I read in the Presbyterian Outlook a fascinating statistic:
“1750-1790 was the only time of great evangelical decline in our history. In 1776, only 17 percent of Americans were religiously observant by 1850 that had risen to 34% and has been mostly on the rise ever since to a total of 62% from 1980 to 2000.”
As we search to sell religion so that it is more appetizing to the masses; are we seeking a greater market share at the expense of a quality product?
Should the Christian faith, with its core emphasis being upon a Sacrificial God who calls his followers to take their cross and follow him, experience this sort of growth?
Does our theology permit us to expect a 100% participation?*
Could the recent break down of blue-chip companies be a prophetic message for the established church as an institution? Granted the church will never die–if we believe that the church is Christ’s body and that Jesus Christ is alive–but may an ever increasing market share be problematic?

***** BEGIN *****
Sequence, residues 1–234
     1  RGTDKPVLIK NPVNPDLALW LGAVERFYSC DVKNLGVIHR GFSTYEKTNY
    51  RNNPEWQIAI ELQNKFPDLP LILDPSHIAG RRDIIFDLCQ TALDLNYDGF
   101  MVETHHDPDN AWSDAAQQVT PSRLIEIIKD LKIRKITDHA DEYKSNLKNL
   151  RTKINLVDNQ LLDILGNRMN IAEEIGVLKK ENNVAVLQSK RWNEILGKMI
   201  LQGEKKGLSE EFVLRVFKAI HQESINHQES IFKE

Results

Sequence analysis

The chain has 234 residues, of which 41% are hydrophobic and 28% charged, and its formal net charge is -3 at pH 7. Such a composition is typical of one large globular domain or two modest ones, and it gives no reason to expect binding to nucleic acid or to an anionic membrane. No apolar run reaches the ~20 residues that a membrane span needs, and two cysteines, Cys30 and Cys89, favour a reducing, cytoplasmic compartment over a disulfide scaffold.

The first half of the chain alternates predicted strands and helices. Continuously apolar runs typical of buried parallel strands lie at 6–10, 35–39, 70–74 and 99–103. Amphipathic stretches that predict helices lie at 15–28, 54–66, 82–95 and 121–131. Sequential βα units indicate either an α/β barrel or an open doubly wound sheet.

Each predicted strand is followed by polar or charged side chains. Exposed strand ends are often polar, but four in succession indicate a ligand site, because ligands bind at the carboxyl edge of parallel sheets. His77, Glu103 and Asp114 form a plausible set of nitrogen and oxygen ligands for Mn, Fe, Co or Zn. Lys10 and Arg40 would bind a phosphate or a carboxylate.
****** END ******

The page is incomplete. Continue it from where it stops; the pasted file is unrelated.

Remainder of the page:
In Durham I heard a minister describe one of the interesting things occuring in the American Church is that the Evangelical church movement has and is built around zeal, creativity, and energy (you can see this start-up creativity in every Charlotte movie theater or bowling alley on Sunday mornings). Historically the Mainline church has been gifted with sustainability and longevity, though we have recently faltered. The two could learn a great deal from each other since both need creativity and longevity.
*Do notice that it is “religiously observant” not specifically Christian.